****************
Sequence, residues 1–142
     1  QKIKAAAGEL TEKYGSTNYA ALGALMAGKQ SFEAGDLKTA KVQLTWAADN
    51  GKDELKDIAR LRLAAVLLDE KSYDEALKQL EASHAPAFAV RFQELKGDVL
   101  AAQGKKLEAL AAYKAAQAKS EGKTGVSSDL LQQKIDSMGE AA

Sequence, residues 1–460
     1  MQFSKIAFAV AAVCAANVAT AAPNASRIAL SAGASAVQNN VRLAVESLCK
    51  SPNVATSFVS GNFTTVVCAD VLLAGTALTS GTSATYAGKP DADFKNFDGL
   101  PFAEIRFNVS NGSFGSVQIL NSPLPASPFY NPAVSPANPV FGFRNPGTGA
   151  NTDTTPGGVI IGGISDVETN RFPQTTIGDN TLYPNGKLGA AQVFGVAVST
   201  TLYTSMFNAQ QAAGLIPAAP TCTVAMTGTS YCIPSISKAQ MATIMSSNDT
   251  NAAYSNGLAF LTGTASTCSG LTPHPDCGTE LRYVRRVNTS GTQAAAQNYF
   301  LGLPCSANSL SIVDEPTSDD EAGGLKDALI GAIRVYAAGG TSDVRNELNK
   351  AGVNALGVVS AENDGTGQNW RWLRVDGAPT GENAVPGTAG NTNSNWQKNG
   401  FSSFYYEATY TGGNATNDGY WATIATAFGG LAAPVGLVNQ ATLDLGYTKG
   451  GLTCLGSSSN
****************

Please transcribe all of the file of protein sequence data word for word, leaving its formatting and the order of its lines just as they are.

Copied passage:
Sequence, residues 1–142
     1  QKIKAAAGEL TEKYGSTNYA ALGALMAGKQ SFEAGDLKTA KVQLTWAADN
    51  GKDELKDIAR LRLAAVLLDE KSYDEALKQL EASHAPAFAV RFQELKGDVL
   101  AAQGKKLEAL AAYKAAQAKS EGKTGVSSDL LQQKIDSMGE AA

Sequence, residues 1–460
     1  MQFSKIAFAV AAVCAANVAT AAPNASRIAL SAGASAVQNN VRLAVESLCK
    51  SPNVATSFVS GNFTTVVCAD VLLAGTALTS GTSATYAGKP DADFKNFDGL
   101  PFAEIRFNVS NGSFGSVQIL NSPLPASPFY NPAVSPANPV FGFRNPGTGA
   151  NTDTTPGGVI IGGISDVETN RFPQTTIGDN TLYPNGKLGA AQVFGVAVST
   201  TLYTSMFNAQ QAAGLIPAAP TCTVAMTGTS YCIPSISKAQ MATIMSSNDT
   251  NAAYSNGLAF LTGTASTCSG LTPHPDCGTE LRYVRRVNTS GTQAAAQNYF
   301  LGLPCSANSL SIVDEPTSDD EAGGLKDALI GAIRVYAAGG TSDVRNELNK
   351  AGVNALGVVS AENDGTGQNW RWLRVDGAPT GENAVPGTAG NTNSNWQKNG
   401  FSSFYYEATY TGGNATNDGY WATIATAFGG LAAPVGLVNQ ATLDLGYTKG
   451  GLTCLGSSSN